Kendryte K510 is a 64-bit tri-core RISC-V processor clocked at up to 800 MHz with AI accelerators that succeed the 400 MHz Kendryte K210 dual-core RISC-V AI processor released a few years ago first in Kendryte KD233 board, and then boards like Maxduino or Grove AI HAT conveniently programmable with Arduino or Micropython.
Canaan formally announced the processor yesterday at the 2021 World Artificial Intelligence Conference claiming K510 had three times the performance of K210 making it suitable for UAV high-definition aerial photography, high-definition panoramic video conferences, robotics, STEAM education, driver assistance scenarios, and industrial and professional cameras.
The press release did not have much information, but multiple sources provided additional details to CNX Software, so we have Kendryte K510 specifications:
- Processor – 2x 64-bit RISC-V processor @ 800 MHz, and 1x 64-bit RISC-V core @ 800 MHz with DSP extension
- AI subsystem with 3 TOPS in total
- KPU: General Neural Network Engine (GNNE)
- Fast Fourier Transform (FFT): Decimation-in-time (DIT) Radix-2 FFT/IFFT
- Voice Activity Detection (VAD) supports 512kHz PDM, 16kHz PCM
- Static RAM (SRAM) – 1 MB SRAM0 and 512 KB SRAM1
- Double Data Rate (DDR) – LPDDR3/LPDDR4
- Storage I/F – eMMC flash, SPI NAND flash,3x SD hosts and 1x SD slave block
- Video processing unit -H.264 encoder, JPEG encode
- Display I/F – MIPI DSI, MIPI DPHY TX, two-dimensional engine, and BT1120.
- Camera I/F – MIPI CSI, MIPI DPHY RX, ISP-2D, ISP-3D, and FBC
- Audio – PDM/TDM/I2S mode audio data as receiver and transmitter
- Networking – 10/100/1000Mbps Gigabit Ethernet MII/RMII/RGMII interfaces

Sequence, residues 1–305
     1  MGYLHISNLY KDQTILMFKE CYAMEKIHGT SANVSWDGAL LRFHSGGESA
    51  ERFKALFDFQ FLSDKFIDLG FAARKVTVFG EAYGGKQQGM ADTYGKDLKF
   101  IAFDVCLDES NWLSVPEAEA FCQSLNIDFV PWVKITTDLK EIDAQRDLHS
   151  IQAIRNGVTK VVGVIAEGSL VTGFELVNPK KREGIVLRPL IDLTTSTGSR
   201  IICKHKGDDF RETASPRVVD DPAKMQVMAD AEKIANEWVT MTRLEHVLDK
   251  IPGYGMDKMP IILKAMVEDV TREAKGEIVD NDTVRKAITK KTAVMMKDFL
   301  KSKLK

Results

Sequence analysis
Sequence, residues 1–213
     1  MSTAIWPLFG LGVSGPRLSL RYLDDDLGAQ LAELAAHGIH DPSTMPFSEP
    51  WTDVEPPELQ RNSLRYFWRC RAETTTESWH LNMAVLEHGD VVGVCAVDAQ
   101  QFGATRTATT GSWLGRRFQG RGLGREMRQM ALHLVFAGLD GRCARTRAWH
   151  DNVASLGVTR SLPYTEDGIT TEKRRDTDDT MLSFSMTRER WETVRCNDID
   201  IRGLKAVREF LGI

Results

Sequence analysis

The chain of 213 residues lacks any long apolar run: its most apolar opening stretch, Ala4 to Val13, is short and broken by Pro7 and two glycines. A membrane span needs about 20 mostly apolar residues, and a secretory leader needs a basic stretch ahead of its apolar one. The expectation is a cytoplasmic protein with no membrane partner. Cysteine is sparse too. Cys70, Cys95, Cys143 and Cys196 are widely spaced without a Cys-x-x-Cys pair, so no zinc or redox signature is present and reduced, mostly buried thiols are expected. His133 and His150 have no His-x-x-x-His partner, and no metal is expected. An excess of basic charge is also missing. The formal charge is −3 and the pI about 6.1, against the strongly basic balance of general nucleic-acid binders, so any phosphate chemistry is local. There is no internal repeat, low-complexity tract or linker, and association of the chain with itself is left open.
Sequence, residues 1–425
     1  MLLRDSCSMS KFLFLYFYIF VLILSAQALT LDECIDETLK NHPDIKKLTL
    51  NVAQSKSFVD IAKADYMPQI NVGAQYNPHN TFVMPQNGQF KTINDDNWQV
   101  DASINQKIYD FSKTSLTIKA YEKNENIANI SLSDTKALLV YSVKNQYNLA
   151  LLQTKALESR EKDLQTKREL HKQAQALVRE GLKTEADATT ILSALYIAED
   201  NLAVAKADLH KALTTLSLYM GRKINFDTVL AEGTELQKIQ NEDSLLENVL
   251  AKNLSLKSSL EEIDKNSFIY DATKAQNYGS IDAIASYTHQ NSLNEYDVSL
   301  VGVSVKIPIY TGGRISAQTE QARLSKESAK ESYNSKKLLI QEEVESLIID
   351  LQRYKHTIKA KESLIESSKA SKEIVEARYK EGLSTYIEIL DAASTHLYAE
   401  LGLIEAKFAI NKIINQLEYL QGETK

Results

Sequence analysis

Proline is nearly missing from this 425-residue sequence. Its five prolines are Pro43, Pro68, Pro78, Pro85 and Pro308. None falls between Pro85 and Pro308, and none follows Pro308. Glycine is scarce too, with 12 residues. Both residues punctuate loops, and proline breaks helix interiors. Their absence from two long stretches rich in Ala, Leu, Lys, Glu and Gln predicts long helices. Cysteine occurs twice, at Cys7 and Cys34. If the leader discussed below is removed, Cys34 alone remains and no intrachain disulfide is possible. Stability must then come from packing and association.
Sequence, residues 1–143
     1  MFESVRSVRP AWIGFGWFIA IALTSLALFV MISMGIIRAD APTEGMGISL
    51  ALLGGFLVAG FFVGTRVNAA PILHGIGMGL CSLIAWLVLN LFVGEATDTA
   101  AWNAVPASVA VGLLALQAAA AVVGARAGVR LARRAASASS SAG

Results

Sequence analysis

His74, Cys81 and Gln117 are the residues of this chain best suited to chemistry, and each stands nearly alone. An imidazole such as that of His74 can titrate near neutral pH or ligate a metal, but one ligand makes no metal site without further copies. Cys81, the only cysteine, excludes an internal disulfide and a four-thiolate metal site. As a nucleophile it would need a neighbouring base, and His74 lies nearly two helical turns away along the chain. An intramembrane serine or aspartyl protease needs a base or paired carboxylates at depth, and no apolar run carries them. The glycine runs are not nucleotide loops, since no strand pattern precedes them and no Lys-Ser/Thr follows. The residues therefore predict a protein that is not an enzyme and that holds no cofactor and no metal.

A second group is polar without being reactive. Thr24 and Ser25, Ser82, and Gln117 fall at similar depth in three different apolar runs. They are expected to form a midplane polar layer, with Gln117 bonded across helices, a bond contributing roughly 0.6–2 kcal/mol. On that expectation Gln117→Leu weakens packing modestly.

- USB – USB On-the-Go (OTG) Dual-role device controller for a single peripheral device.
- Serial – 4x UARTs with RS485 interfaces
- Other peripherals
- 3x SPI master controllers and 1x SPI slave controller
- 32x GPIO
- 2x 4-bit PWM
- 4-channel SDMA (System DMA) for transactions between DDR and SRAM
- 16-channel PDMA (Peripheral DMA) for transactions between peripherals and DDR/SRAM
- One Time Program (OTP)
- Physical Un-clone Function (PUF)
- Advanced Encryption Standard (AES)
- Secure Hash Algorithm (SHA)
- Misc – Temperature sensor: 3℃ untrimmed accuracy (-40℃ to 100℃), 12-bit resolution, and power management; RTC, watchdog timer, 6x 32-bit timers
- Manufacturing process – 28nm
The processor can boot from SPI NAND flash, eMMC flash, the SD card, or even from UART. Kendryte K210 was interesting to play with but the performance is limited, and for instance, I got 15 to 18 fps in a face detection/tracking demo, and this type of lag is not suitable for robotics applications. Going from 1 TOPS to 3 TOPS in Kendryte K510 will certainly help with applications demanding faster response times.
What I did not see are efficiency numbers in watts per TOPS. [Update: the company published some power consumption numbers: Typical power 2W; Standby Current < 2mA. ]
We’ve been told the SDK was still under development, and that stock would be limited to a few K samples this year due to the current lack of 28nm chip product capacity. So it’s more likely to become broadly available in 2022. That means manufacturers of low-cost AI camera boards will have to switch to other solutions such as Rockchip RV1109 processor this year.
Canaan also provides a longer term roadmap up to 2025 for Kendryte AI / AIoT RISC-V processors with two low-end processors coming in 2022 (K230) and 2024 (K250), two mid-range processors to succeed to K510 including K530, and high-end edge processor, I suppose for AI edge gateways, coming in 2023 and beyond with Kendryte K810 and K830.
Jean-Luc started CNX Software in 2010 as a part-time endeavor, before quitting his job as a software engineering manager, and starting to write daily news, and reviews full time later in 2011.